Microsoft has announced a new, wholly-owned subsidiary to allow it to engage open source projects. Decent explanations of why they have done this are a bit thin on the ground despite widespread coverage of the news itself, which their PR firm must have been pushing heavily.
Given the Microsoft employee tapped to run this new subsidiary - Jean Paoli - is careful to say this move changes nothing about existing engagements by Microsoft projects, why are they doing it? Here are some possible reasons - all of them educated speculation for now, ordered in increasing probability.
- Consolidate the standards and open source teams under a better name than "interoperability". Interoperability may sound good to some audiences, but it reeks of "our way or the highway" and "isolated competing teams" to lots of developers and has little meaning in the world of open source where words like "contribute" and "participate" have more meaning. This new subsidiary has Paoli's existing Interoperability Team at its heart, now nicely rebranded. It's an expensive way to rebrand though, so I'm sceptical.
- Create a career path. Jean Paoli was one of the people named on the original XML specification and has been a loyal long-term player in the standards arena. High-powered standards wonks are like spymasters; necessary to their political masters but with work that is usually better unseen. The result is a lack of career path in many corporations. This move could be a reward for Paoli and his team, recognising his long-term loyalty to the company. It would be a charming tale if this was true, but again it seems an expensive and complex approach to staff retention, especially in an employers' market.
- Firewall open source licensing. Licenses like the GPLv3 are an inescapable fact of open source and they do a fine job protecting their communities. However, they do that by placing responsibilities on corporate participants, especially on how they handle patents. Most modern licenses include a "patent peace" clauses, removing rights from community participants who turn out to be patent litigators.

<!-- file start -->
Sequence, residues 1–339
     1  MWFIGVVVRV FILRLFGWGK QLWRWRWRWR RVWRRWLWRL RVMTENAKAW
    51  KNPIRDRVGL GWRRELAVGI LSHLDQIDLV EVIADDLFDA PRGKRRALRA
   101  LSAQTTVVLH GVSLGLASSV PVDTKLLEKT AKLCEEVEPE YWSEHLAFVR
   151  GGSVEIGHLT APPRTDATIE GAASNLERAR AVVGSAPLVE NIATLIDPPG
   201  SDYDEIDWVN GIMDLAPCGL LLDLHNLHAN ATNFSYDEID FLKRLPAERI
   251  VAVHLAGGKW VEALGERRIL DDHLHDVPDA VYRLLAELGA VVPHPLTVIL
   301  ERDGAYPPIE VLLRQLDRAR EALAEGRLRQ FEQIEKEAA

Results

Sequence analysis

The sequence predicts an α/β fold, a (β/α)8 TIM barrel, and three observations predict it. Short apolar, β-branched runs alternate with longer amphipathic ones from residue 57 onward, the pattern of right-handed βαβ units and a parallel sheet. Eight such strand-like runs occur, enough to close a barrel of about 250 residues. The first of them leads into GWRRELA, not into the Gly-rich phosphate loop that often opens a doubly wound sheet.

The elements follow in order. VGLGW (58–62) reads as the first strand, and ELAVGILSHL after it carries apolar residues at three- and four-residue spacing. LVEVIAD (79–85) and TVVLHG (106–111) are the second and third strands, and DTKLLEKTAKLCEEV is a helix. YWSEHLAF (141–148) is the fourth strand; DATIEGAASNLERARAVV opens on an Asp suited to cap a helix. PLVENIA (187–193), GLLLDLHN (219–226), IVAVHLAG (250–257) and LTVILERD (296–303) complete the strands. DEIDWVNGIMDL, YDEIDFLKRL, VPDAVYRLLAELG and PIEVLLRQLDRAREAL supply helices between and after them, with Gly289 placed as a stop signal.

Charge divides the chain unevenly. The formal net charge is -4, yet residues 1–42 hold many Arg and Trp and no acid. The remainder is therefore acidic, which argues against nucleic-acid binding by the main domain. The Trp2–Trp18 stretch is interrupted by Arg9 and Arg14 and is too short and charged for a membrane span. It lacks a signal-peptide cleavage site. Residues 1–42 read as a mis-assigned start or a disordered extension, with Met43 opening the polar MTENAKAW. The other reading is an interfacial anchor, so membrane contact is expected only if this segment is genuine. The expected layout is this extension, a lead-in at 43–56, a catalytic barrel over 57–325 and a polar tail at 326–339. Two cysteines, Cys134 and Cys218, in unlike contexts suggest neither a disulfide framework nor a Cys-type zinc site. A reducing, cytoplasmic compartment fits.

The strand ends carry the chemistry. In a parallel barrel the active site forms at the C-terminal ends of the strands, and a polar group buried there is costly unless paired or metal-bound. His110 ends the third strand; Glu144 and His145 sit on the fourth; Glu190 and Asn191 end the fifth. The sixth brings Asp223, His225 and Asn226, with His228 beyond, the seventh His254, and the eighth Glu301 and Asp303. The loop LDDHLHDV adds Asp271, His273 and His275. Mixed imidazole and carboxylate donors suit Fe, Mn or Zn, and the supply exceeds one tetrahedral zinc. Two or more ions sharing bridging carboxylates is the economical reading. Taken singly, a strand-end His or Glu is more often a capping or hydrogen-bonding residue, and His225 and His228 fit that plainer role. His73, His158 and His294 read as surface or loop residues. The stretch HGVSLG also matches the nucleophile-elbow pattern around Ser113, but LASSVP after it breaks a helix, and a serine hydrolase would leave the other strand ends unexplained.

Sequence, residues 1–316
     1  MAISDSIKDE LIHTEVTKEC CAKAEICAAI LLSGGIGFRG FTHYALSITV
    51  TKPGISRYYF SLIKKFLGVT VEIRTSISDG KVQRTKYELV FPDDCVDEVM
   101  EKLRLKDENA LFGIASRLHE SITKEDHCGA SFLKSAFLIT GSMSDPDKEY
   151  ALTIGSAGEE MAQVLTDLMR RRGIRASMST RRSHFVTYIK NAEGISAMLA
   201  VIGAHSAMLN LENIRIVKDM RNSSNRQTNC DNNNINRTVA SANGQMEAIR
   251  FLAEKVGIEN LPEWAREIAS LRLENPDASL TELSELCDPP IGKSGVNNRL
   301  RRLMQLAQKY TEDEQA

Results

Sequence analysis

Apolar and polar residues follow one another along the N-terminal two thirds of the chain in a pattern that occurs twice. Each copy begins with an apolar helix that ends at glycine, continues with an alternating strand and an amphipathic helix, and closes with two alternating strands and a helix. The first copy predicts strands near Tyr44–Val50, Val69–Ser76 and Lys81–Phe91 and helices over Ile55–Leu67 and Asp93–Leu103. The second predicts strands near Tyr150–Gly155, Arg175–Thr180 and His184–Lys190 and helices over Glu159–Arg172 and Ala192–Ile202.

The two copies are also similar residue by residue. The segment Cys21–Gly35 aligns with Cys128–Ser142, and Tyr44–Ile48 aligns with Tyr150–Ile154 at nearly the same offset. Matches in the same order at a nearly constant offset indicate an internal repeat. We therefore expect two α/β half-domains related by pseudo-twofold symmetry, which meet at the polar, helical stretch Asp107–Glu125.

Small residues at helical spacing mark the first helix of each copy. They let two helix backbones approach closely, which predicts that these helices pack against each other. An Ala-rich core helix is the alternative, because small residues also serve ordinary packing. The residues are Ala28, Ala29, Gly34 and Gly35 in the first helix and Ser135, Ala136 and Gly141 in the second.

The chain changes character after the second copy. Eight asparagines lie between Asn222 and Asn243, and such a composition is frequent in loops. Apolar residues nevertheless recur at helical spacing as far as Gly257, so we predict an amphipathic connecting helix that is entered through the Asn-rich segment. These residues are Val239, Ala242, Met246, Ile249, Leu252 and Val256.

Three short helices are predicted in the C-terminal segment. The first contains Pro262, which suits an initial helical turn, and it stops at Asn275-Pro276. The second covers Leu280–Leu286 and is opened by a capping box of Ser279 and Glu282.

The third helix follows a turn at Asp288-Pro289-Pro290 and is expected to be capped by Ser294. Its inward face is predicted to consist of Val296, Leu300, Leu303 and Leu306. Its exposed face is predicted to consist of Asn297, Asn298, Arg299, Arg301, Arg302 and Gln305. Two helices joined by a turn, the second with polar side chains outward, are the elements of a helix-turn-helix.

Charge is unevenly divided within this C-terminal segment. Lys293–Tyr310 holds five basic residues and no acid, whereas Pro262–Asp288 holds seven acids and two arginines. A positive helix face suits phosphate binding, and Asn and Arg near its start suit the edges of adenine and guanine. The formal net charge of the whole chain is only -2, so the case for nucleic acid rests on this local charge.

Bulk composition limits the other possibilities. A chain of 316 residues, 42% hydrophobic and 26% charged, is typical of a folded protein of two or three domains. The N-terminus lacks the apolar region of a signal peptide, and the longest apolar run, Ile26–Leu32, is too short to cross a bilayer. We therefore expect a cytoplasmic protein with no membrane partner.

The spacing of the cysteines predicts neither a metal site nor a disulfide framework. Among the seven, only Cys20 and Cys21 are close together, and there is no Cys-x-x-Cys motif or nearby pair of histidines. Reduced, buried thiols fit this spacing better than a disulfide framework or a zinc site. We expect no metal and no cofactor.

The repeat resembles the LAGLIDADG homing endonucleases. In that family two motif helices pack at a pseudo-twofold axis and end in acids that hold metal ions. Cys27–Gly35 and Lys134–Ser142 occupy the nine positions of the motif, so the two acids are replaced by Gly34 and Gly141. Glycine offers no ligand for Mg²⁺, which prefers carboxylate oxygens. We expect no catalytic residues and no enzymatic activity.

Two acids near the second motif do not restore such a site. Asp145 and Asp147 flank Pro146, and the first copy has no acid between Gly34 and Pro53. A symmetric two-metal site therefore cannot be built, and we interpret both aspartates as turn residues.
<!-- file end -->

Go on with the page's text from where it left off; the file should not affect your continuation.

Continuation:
Those clauses also give broad patent licenses to a contributor's patent portfolio. Additionally, most open source licensing experts believe all open source licenses give implied licenses to patents infringed from a contributor's portfolio. A separate subsidiary provides an "arms length" relationship so that license terms can't affect the parent company and unintentional free patent licenses don't get given away. It wouldn't do to be unable to collect fees from open source competitiors.
- Firewall patent liability. After years of scepticism, Microsoft became an ardent admirer of software patents and especially their earning potential when embedded in both de facto and de jure standards (a skill they gained when they hired its "inventor" away from IBM). Today, they are actively lobbying for "RAND" (arbitrary fee-based licensing) patent terms to be allowed in standards so they can grow the business of taxing other companies' success. But there's a corresponding risk of taint from planting these patent bombs in standards. By having the work done in a separate company, Microsoft limits the liability it faces from those seeking fees and alleging plagiarism.
Both points 3 and 4 are widely understood to be part of the reason Microsoft started the Outercurve Foundation, as a destination to outsource open source projects it wanted to start while isolating itself from any perceived risks its imaginative legal time might envisage. Of the four possible reasons, those are the two that seem most likely to me. Jean Paoli says:
"This structure will make it easier and faster to iterate and release open source software, participate in existing open source efforts, and accept contributions from the community. Over time the community will see greater interaction with the open standards and open source worlds."
The new "Microsoft Open Technologies, Inc." provides an ideal firewall to protect Microsoft from the risks it has been alleging exist in open source and open standards. As such, it will make it "easier and faster" for them to respond to the inevitability of open source in their market without constant push-back from cautious and reactionary corporate process.
In that light, it sounds like a smart move. If you know more, let me know - I'll be watching closely.